Inspired by the National Museum of Women in the Arts’ challenge, “Can you name five women artists?”, the Whatcom Museum is highlighting five female artists whose artwork is featured in our collection throughout the month of March (Women’s History Month). Follow us on social media and share our posts with your followers, or tell us your favorite women artists. Don’t forget to tag your posts #5WomenArtists.
Artist #3: Elizabeth Colborne
The Whatcom Museum holds the largest collection of work by Elizabeth Colborne (1885 – 1948), heralded as one of Pacific Northwest’s greatest print makers. This birds-eye view of Bellingham Bay, at its most seductive time of day, directly confronts the duality of nature’s majesty with the economic realities of the logging industry. With smoke stacks rising up in the foreground, the abstract compositional influence of Japanese prints is apparent.
Living alone in a cabin, Colborne studied both man-made and natural landscapes in magnificently detailed drawings. She often poignantly portrays the intrusion of the human footprint by strategically focusing on old growth stumps in the forest. Colborne’s work can be appreciated for both its artistry and as a chronicle of the region’s history.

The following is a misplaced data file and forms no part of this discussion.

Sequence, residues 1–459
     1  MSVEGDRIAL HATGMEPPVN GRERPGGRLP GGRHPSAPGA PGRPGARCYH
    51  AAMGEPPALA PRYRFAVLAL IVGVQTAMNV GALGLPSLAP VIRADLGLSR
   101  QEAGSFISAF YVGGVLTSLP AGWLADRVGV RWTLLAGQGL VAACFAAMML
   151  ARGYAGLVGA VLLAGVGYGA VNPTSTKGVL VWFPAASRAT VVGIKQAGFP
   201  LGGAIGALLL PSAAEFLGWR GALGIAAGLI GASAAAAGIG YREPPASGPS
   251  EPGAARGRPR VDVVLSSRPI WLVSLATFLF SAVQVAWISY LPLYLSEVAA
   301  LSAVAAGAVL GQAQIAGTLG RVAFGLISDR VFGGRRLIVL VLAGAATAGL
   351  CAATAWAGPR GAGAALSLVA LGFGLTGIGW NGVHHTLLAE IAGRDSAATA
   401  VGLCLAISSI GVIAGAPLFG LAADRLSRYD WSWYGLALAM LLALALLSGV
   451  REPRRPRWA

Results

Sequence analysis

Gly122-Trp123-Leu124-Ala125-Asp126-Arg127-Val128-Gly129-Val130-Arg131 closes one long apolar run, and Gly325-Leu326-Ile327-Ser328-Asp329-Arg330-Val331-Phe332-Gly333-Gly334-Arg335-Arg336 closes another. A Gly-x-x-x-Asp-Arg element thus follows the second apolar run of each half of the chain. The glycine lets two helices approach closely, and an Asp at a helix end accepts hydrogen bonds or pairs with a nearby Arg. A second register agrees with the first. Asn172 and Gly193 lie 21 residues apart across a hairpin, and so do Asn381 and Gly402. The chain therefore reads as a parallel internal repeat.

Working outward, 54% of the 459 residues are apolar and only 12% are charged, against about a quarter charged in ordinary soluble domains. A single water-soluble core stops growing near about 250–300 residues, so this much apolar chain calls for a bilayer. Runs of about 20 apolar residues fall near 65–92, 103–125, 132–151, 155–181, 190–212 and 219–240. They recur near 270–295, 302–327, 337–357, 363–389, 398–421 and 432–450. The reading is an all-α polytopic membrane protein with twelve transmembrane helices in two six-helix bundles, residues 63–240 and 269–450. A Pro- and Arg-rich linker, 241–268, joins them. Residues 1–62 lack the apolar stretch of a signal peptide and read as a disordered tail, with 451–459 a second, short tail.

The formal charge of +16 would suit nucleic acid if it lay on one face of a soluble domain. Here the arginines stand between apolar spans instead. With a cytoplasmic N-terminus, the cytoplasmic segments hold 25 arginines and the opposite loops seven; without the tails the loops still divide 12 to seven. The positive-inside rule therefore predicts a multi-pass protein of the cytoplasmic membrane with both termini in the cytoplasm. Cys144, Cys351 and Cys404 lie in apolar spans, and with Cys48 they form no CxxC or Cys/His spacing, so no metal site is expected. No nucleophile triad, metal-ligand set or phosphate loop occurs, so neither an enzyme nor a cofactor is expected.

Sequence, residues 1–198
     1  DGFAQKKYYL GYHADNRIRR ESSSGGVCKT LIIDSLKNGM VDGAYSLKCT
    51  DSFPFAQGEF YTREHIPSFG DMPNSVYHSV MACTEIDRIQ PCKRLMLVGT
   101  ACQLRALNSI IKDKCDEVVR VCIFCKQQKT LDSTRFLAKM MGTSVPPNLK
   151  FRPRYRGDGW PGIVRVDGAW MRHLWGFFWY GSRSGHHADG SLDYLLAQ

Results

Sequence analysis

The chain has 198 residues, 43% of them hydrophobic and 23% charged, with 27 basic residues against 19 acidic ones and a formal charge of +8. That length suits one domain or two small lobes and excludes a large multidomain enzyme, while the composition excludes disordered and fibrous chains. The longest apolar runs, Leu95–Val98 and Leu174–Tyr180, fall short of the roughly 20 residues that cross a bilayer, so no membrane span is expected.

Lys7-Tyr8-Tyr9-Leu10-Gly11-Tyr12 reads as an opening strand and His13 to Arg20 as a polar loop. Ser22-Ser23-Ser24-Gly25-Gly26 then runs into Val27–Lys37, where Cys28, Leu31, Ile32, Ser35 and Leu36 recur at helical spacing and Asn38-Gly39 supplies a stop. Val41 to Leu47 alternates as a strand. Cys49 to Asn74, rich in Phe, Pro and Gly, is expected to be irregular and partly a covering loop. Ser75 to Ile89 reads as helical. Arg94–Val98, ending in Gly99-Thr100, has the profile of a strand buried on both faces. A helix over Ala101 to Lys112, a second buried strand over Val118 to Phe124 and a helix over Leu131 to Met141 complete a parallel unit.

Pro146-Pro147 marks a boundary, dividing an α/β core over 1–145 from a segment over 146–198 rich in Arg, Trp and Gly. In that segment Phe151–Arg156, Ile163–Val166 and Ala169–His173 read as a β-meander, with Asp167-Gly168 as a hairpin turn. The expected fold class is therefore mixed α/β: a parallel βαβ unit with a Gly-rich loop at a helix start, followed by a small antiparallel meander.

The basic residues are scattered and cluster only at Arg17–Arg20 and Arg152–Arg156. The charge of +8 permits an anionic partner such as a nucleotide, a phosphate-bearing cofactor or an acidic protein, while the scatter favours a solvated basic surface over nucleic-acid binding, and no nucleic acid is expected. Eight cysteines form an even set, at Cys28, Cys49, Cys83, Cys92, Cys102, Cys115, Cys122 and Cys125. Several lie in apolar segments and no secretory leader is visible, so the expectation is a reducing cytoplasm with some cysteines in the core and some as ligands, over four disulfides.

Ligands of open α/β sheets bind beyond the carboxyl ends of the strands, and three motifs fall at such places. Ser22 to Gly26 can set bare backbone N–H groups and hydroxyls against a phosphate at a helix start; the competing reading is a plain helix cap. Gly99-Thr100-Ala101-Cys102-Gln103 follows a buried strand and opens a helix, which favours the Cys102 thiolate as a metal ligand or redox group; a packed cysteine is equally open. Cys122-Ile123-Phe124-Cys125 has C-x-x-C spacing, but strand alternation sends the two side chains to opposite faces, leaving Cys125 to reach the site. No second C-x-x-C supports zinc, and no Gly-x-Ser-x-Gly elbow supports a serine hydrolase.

Born in South Dakota and orphaned at a young age, she moved to Bellingham to live with her maternal aunt. She lived alone in Whatcom County most of her life, except for attending Pratt Institute and spending part of the year in New York City, which nurtured her career as a graphic artist. Colborne developed a reputation for children’s book illustrations and landscape views that catered to New Yorkers’ interest in the beauty of the Northwest.
Colborne’s work was rescued from oblivion by her sister, who donated a treasure trove of material to the Bellingham Public Library. In 1976, this work was transferred to the Whatcom Museum and supplemented by later Museum purchases and private donations. It was not until 2011 that the Museum featured a retrospective exhibition, Evergreen Muse, The Art of Elizabeth Colborne, curated by David F. Martin, and accompanied by a publication that quickly sold out. National media coverage quickly followed, assuring Colborne’s rightful place in art history. The Whatcom Museum will be lending six fabulous Colborne drawings to the new Cascadia Art Museum in Edmunds for an upcoming exhibition, Botanical Exuberance: Trees and Flowers in Northwest Art.